Ten to be thankful for

Alex Toth, posing in the Newark History Museum, created the Save Old Newark group.

Often, the people most passionate about local history tend to be older – folks with a lifetime of memories and a nostalgia for days gone by.

But for 16-year-old Alex Toth, that passion developed early.

“I really love history, and I love stories,” Toth said. “Being able to make a personal connection with the past, whether it be touching a building or reading a newspaper clipping from back in the day, is an opportunity to look into the past and to gain a new perspective. And for me, it’s not just about the positives of the past. It’s definitely also about learning about some of the awful things that have happened, but that’s what contextualizes history and that’s what makes it human.”

The Newark Charter School junior has channeled that passion into creating the group Save Old Newark, which aims to raise awareness of Newark’s history and preserve as much of it as possible.

Toth, with the help of a few classmates, started the group during the 2019 debate over the fate of the Green Mansion, the façade of which will be incorporated into a new hotel. He started a petition and spoke out against the project at a city council meeting. Though the project was approved, Toth was able to start a dialog with Lang Development Group and other developers about doing more to preserve historic buildings.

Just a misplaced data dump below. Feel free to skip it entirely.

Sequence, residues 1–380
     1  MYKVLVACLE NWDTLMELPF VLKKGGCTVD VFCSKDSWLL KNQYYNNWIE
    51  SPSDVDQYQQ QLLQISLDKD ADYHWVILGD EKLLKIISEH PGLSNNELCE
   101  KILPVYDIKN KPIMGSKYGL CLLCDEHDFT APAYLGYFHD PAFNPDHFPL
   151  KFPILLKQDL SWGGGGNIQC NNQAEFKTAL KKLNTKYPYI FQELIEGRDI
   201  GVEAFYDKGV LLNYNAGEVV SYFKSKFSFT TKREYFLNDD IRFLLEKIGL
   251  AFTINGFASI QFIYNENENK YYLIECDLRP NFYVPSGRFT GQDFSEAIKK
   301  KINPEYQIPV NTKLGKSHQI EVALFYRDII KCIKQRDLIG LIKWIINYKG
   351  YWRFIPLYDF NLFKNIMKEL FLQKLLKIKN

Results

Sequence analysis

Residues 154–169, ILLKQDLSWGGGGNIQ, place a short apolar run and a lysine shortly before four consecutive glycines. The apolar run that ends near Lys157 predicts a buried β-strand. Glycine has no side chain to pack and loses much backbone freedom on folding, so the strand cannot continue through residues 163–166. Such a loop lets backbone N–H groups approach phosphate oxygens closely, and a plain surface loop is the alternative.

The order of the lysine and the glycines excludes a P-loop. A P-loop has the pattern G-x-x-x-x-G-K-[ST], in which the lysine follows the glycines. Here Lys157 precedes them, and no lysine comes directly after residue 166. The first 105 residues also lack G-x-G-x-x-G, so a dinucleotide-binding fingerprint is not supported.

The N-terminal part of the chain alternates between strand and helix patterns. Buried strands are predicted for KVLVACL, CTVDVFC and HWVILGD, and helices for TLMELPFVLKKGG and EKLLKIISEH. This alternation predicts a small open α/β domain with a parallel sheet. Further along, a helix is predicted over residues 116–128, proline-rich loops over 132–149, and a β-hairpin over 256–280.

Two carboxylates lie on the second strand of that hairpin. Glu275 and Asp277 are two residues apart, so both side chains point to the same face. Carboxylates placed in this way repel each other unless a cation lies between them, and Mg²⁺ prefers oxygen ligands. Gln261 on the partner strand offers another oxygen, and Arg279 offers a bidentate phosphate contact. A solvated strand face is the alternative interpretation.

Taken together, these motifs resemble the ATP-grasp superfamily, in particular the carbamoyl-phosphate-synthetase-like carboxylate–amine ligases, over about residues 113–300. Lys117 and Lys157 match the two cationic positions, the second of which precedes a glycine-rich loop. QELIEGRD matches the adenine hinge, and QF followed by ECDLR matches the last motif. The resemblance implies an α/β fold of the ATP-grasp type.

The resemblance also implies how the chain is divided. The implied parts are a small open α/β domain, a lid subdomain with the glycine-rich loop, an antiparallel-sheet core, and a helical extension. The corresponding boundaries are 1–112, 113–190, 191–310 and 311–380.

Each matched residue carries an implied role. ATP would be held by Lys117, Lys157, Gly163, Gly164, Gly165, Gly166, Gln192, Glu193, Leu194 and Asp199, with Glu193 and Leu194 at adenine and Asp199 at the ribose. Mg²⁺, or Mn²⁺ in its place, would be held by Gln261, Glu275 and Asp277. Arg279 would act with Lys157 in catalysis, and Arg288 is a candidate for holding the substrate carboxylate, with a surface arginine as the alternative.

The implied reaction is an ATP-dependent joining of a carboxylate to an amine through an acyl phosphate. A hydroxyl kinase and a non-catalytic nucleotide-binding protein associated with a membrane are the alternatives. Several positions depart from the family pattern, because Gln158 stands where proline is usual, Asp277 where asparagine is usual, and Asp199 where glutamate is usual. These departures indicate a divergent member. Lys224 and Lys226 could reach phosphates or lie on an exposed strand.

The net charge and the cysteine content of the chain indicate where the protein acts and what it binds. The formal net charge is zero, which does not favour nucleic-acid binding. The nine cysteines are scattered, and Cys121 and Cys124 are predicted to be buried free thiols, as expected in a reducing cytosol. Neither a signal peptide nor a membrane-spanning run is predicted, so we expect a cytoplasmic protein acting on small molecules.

“I don’t want it just to be screaming at the developers and saying ‘why aren’t you doing things?’ without presenting concrete requests,” he said. “You’d be surprised what just talking and sharing the stories can do. I’ve seen it when I’ve shared stories about the Press of Kells building with people. The level of interest that is there is fascinating. It just takes the extra step of making that connection.”

Toth has spent countless hours at the Newark History Museum, doing research and scanning old photos, which he shares on Save Old Newark’s social media platforms as a way to get more people interested in local history.

He credits his grandfather with instilling in him a love of Newark history.

“I love the fact that I can go and walk around and touch a building and realize, wow, this has been here for 100 years,” he said. “It’s that personal connection with history that I really love.”

–Josh Shannon

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